3-clocks

I will routinely ask the children to show me the time on their clocks or I will pose questions, “if it is 10:45 AM now and we have lunch at 12:00 PM, how much time does that leave us for snack and math?” Another handy time telling tool I have is a rubber clock stamp.
clock-stamp
I will routinely ask the children to show me the time on their clocks or I will pose questions, “if it is 10:45 AM now and we have lunch at 12:00 PM, how much time does that leave us for snack and math?” Another handy time telling tool I have is a rubber clock stamp.

When I put up the day’s schedule on the board, I will put the event and the time and then have a blank picture of a clock where the children will draw in the correct time using the hour and minute hands.  I will write times such as “Math – 10:45 AM” with a blank clock next to it and make sure that the child responsible for noting the time will make sure that the hour hand is closer to the number 11 than to the number 10.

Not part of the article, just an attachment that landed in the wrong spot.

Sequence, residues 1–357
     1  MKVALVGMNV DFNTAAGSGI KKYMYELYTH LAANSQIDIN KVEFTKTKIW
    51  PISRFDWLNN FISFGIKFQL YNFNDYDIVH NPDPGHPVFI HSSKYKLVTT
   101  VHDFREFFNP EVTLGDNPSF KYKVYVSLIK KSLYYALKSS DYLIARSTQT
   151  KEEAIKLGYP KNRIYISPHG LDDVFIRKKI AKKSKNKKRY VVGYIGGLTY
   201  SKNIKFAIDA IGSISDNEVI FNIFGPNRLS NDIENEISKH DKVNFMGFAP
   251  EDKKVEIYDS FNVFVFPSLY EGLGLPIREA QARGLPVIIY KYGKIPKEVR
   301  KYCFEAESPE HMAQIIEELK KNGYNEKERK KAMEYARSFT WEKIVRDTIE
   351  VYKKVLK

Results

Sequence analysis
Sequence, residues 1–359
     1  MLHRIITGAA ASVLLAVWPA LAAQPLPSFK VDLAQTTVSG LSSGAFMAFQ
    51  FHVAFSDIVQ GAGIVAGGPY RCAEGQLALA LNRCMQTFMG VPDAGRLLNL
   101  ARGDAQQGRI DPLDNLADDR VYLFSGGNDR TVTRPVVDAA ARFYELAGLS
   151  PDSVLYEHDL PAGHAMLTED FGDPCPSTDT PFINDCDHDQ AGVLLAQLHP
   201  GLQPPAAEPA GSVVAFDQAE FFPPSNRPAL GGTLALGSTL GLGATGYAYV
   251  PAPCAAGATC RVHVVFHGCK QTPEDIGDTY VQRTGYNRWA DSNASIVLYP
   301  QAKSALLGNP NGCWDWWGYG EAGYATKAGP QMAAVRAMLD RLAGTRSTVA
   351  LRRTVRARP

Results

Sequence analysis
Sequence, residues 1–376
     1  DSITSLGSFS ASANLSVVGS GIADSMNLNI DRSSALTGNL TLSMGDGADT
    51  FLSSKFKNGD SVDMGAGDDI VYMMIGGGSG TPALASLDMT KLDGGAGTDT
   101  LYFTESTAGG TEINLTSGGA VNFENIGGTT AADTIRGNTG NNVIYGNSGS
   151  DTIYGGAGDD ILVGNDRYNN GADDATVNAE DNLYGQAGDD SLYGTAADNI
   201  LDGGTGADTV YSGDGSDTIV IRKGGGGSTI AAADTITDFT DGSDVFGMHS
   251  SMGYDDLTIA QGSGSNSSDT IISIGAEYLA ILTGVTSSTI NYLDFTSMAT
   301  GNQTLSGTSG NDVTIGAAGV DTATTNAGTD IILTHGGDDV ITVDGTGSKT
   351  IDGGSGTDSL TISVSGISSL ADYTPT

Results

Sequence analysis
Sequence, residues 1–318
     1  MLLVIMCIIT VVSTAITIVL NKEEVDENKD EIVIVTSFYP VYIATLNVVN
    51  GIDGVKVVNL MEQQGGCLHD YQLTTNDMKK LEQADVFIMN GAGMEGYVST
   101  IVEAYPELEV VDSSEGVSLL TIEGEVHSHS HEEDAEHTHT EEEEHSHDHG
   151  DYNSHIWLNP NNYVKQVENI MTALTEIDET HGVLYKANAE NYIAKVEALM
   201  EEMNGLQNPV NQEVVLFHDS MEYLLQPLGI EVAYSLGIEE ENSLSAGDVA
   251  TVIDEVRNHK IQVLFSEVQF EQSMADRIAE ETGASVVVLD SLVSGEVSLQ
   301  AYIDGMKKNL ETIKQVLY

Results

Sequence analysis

Just like my parents did with my brother and I when we were growing up, I like to have a height chart located on the inside of my doorway. One of our beginning of the year activities is to partner up and mark your height on the door. I use a cloth tape measure for this activity and it does require a pre-lesson on how to use the measurement instrument. The first year that I did this activity, I just gave the children the tape measure and had them go at it. I quickly realized that the majority of the children did not know what to do when they had run out of tape measure but still had not completely measured their friend. I have a class set of 60 inch, cloth tape measures that the children use throughout the year. I find that the cloth tape measures are easier to manipulate, cheaper, and easier to store.  After a lessons in which we discuss “How many inches in a foot?” and “If a child measures 52 inches, how would we record that in feet and inches?”, we place our names, the date and our heights against the door. We do this activity 3 times a year and at the end of the year, each child figures out how much they’ve grown through the school year. In our end-of-the-year reflection, we include our physical growth as part of the child’s reflection, “This year, I have grown 3 ½ inches and have become a much more of a risk taker when approaching difficult math problems.”